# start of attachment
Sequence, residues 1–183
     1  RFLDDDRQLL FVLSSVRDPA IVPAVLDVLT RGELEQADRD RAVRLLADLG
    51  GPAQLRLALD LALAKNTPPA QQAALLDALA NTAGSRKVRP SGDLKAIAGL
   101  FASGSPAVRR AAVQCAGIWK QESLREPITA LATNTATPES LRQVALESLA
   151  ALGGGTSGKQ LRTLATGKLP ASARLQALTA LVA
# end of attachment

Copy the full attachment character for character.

Sequence, residues 1–183
     1  RFLDDDRQLL FVLSSVRDPA IVPAVLDVLT RGELEQADRD RAVRLLADLG
    51  GPAQLRLALD LALAKNTPPA QQAALLDALA NTAGSRKVRP SGDLKAIAGL
   101  FASGSPAVRR AAVQCAGIWK QESLREPITA LATNTATPES LRQVALESLA
   151  ALGGGTSGKQ LRTLATGKLP ASARLQALTA LVA